“I fell in love with James.”
Sue me if I failed to pay more attention to these words when I first listened to them but I’ve already lost count.
I’ve lost count of how many times women readers of my first novel “Fobolous” came up to me and gushed about the novel’s main male character (James Ren), the young Japanese American who not only turned the entire world of the novel’s main character (Janelle) upside down but apparently, these women’s worlds as well.
I can relate.
I understand their sentiment.
After all, as bad as it may sound, I was the one who created James Ren. And as weird as it may sound, even, I was officially the fabulous character’s first groupie. Before anyone else could even declare their “fictional feelings” for him, I’ve already experienced what they were about to talk about after reading the novel. I’d been there, done that, right in front of my computer as I wrote and revised and wrote and revised with my patient keyboard James’ physical appearance, demeanor, character, thoughts, feelings, ways of affecting anyone around him with his endearing personality.
In Tagalog, there’s a phrase that goes “maginoo pero medyo bastos” to describe a gentleman who’s as naughty and as playful as a gigolo when no one’s looking.
That’s not James Ren.
The Japanese American embodied the traits of a perfect gentleman who did not need to do anything spectacular to attract attention but got loads of it anyway just for being who and what he was.
Especially from women.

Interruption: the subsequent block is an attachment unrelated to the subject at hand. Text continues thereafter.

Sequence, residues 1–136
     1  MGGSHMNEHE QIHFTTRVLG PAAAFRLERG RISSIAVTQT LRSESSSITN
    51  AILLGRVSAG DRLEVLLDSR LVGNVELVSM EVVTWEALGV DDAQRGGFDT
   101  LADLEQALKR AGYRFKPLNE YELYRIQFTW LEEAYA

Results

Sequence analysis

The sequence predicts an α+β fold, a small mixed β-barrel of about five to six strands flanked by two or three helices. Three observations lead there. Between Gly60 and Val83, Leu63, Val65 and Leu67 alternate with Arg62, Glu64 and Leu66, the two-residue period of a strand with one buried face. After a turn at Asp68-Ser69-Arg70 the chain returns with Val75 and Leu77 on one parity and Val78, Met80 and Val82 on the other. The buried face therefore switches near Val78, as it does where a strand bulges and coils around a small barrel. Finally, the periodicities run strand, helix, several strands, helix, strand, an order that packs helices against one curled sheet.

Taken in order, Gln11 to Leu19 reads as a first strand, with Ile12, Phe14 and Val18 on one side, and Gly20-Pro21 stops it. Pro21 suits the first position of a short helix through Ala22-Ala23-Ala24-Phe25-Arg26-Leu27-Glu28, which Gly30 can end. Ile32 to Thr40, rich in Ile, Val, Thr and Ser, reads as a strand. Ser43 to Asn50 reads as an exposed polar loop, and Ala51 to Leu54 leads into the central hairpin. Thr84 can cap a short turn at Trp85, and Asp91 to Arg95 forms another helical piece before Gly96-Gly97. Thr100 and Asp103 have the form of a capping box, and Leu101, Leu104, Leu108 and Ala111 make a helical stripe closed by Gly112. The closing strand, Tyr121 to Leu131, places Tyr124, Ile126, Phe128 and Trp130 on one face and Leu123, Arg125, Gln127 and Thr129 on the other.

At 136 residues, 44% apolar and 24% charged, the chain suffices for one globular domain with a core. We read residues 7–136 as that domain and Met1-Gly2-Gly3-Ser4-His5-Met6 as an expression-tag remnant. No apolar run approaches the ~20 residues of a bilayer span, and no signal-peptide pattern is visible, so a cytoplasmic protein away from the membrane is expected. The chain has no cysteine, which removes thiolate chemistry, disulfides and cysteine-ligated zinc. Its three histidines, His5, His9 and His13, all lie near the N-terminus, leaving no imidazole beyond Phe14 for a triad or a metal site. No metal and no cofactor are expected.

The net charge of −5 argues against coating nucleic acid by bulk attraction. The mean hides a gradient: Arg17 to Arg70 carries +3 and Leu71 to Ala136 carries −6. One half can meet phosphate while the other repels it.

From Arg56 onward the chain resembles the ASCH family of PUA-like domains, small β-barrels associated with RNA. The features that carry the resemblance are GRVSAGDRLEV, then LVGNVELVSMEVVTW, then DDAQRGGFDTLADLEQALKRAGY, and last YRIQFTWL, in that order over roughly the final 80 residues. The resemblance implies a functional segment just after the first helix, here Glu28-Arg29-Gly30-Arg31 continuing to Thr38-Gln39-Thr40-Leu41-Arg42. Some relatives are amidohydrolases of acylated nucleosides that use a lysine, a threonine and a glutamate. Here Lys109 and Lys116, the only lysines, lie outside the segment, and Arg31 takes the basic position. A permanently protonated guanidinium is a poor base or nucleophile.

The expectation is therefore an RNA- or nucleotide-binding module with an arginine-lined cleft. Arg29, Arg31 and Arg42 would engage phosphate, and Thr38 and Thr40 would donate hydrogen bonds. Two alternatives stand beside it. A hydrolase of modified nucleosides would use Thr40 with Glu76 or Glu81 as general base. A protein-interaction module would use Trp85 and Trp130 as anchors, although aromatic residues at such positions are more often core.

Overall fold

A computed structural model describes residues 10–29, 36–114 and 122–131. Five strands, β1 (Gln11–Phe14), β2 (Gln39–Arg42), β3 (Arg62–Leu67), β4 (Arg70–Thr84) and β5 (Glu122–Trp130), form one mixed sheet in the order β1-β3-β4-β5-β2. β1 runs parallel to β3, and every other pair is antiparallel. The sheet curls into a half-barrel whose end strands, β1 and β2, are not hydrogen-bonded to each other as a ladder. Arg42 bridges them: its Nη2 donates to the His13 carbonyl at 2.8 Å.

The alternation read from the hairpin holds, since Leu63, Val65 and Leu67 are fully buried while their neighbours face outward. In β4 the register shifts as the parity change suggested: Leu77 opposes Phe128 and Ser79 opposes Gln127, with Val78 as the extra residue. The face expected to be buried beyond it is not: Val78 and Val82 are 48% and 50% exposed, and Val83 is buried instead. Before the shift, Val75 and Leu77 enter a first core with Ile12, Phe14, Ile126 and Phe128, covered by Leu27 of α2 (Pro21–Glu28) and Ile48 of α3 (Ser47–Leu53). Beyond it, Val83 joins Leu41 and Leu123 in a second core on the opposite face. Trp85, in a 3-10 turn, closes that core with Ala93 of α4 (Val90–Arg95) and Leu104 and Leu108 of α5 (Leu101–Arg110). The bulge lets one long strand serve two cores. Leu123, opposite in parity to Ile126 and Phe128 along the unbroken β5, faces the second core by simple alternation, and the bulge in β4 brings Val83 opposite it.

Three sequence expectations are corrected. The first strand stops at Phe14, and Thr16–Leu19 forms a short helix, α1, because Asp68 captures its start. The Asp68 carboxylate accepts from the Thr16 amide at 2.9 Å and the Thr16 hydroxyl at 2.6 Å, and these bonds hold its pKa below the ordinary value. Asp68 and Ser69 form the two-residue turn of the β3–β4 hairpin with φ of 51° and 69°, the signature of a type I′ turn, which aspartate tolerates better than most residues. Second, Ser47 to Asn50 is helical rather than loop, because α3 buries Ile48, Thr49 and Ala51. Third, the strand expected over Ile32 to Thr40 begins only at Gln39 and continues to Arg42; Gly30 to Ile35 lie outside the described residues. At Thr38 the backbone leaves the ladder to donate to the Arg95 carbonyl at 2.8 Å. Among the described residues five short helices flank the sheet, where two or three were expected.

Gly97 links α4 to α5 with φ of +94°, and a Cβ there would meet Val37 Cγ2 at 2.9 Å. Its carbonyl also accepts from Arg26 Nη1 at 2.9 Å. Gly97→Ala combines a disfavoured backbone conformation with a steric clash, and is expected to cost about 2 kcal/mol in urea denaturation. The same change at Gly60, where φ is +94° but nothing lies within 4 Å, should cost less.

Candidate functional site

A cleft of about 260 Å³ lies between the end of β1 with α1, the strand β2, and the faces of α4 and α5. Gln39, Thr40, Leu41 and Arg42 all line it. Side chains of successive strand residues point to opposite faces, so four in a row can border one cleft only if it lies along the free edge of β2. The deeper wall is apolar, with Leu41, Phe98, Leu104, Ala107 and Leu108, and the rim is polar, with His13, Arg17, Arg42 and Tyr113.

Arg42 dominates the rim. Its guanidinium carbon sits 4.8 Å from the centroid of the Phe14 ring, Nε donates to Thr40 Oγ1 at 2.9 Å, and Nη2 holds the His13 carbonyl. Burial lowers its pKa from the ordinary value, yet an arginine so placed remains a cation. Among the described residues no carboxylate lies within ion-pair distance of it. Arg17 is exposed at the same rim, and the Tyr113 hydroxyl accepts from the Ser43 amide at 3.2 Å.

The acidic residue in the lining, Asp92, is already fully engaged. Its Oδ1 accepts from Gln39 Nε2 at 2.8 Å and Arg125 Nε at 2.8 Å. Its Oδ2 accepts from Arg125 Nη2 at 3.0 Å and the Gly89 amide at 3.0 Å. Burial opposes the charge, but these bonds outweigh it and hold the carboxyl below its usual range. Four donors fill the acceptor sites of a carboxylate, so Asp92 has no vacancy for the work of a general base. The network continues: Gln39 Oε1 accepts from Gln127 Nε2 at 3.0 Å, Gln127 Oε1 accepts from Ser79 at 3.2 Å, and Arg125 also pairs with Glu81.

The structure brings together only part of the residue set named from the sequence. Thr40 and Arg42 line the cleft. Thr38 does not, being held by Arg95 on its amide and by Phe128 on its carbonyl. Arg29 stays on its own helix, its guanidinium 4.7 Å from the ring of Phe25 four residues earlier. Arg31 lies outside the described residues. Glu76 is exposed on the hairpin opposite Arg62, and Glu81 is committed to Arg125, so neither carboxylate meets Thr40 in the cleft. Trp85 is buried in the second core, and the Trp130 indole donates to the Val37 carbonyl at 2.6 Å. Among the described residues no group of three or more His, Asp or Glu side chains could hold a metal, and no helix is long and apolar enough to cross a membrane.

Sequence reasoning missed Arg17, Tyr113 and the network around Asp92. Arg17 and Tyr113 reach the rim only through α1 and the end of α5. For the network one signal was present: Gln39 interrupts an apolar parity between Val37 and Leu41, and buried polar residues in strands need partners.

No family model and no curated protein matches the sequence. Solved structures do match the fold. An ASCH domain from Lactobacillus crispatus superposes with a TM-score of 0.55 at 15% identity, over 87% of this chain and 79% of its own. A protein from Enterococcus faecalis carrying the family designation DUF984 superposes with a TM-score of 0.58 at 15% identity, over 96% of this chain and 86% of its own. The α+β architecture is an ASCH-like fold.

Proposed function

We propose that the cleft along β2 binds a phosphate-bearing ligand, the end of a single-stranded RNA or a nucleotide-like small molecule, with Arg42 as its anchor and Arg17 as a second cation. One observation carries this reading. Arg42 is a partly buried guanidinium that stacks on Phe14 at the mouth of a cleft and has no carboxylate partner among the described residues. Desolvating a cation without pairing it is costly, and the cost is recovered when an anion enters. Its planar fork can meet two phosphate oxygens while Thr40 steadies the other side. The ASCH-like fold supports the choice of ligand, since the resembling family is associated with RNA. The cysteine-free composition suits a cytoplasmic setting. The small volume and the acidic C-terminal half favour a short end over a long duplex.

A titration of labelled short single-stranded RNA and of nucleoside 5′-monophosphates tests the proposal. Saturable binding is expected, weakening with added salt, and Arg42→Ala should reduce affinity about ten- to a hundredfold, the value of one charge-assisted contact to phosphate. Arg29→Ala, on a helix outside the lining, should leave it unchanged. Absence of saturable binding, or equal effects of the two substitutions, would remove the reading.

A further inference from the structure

"Fobolous" readers included.
Interestingly. my gushing women readers attracted to James are generally happily married - loving wives and responsible mothers - and only a handful of them are single, in a relationship, or looking for one. According to these women, they don’t really want to leave their current partners but they're collectively gushing about having their very own version of James whom they either wished they'd met a long time ago or wish to meet sometime in their future lives after the world has ended on their ninth lives or something or wish to have NOW in their current relationships.
Which brings me to a cool breakthrough.
Maybe “Fobolous” should not only target women as readers.
Maybe men should read it too.
Not for the romantic angle of the story (because they’re seemingly implying they're too tough or too dense or too uninterested or feeling too “icky” for anything that sounds Harlequin or happily-ever-after or breakups or something) but to at least, learn a few things about James and how the fictional superstar had affected Janelle and swept her off her feet without doing much traditional, stereotypical wooing.
Being simply reserved, responsible, chivalrous, kind, constantly contributing interesting insights during conversations, and eagerly determined to prove his love to the woman of his life are enough to stir Janelle's and every other gushing reader of the novel's interest ... and keep them glued to him, efforlessly, like a magnet.
You see guys, the Louis Vuitton and Hermes of this world and expensive dinners and gifts may work wonders sometimes but their magic doesn’t last.
Sometimes, an enticing subdued personality does more magic.
In the novel, James only had to say one word, “This”, and women from all over the "Fobolous" fiction planet melted. Discreetly and unintentionally. In that tiny make-believe tea house of their imagination over a fairy dust riddled cup of tempting Boba.
2016. All Rights Reserved.